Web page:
05/03/2009 05:12 am ET | Updated May 25, 2011

G-20 Vows to Continue Recession Until Next World War

LONDON - In a rare display of unity, leaders of the world's largest economies pledged to continue what one called "some major dicking around" - committing a record $1.1 trillion to bailouts that not even bailout recipients want anymore.

The G-20 Summit, the "We Are the World" of economic conferences, hammered out a feel-good manifesto stating that the best way to solve an economic crisis caused by spending money we don't have is by spending money we don't have.

"The best cure for a hangover is more drinking," said one leader. "The best cure for a diet is a binge. And everyone knows the best cure for maxxing out your credit card is stealing a loved one's."


The G-20

The G-20 said they would raise money from new, better sources, including Live Nation and Ticketmaster. "People hate new taxes," said a spokesperson. "But they don't mind buying an overpriced ticket with a service charge, a handling charge and a mail charge. Our feeling is if you can afford $350 to see Madonna, you can afford an $8 health care charge, especially if it comes with a free Britney download."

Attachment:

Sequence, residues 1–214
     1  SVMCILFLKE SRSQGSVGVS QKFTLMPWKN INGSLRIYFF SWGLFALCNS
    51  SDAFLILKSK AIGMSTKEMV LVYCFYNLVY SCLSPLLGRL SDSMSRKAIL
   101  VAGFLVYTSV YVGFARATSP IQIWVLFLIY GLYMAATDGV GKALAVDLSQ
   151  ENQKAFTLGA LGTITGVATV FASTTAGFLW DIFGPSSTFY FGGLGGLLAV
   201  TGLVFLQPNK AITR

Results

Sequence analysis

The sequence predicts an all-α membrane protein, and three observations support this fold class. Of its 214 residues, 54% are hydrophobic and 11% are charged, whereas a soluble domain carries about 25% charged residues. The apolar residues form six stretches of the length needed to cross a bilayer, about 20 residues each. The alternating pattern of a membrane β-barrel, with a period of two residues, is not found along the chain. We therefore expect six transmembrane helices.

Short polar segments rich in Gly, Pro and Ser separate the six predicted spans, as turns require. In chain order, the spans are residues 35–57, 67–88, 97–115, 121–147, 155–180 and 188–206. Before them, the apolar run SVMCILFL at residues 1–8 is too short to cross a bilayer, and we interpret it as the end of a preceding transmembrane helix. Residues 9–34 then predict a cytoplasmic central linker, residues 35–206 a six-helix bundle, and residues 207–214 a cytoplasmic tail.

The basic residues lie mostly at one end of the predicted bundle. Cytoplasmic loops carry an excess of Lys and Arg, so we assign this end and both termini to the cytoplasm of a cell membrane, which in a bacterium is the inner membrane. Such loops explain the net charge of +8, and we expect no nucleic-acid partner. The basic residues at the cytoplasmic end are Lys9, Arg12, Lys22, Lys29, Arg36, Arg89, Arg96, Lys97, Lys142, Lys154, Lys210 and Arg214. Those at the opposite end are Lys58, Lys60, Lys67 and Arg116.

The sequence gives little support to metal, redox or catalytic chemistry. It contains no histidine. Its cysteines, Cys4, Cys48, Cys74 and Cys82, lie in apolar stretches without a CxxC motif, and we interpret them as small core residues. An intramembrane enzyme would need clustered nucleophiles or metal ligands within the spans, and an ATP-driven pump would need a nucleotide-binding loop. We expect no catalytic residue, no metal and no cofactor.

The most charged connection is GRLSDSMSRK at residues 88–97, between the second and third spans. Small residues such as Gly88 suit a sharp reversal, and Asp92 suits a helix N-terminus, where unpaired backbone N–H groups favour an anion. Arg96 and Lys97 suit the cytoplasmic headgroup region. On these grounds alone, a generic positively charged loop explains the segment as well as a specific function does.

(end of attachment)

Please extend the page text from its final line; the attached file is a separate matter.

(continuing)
G-20 members said they strongly believed in proposals they vaguely understood. Most refused to make a prediction as to when their programs might bear fruit. In the words of one leader, "Fuck if I know."

However, they did state that they were committed to the recession until the next world war, which most expected not to be World War III, but more like World War 2.2. "We need to give this recession a chance," said one leader, but added that the next world war would likely be planned at another G-20 meeting, to maximize profit for everyone.

The biggest hand for the summit came, appropriately enough, from the Invisible Hand, a metaphor often used to describe the self-regulating nature of the economy. "Don't worry about the G-20 or the bailouts," it said. "Trust me - since I was coined by economist Adam Smith in 1776, I've seen a lot of dicking around."

Future projects for the G-20 include an album, a video and a VH1 series, I Love the G-20.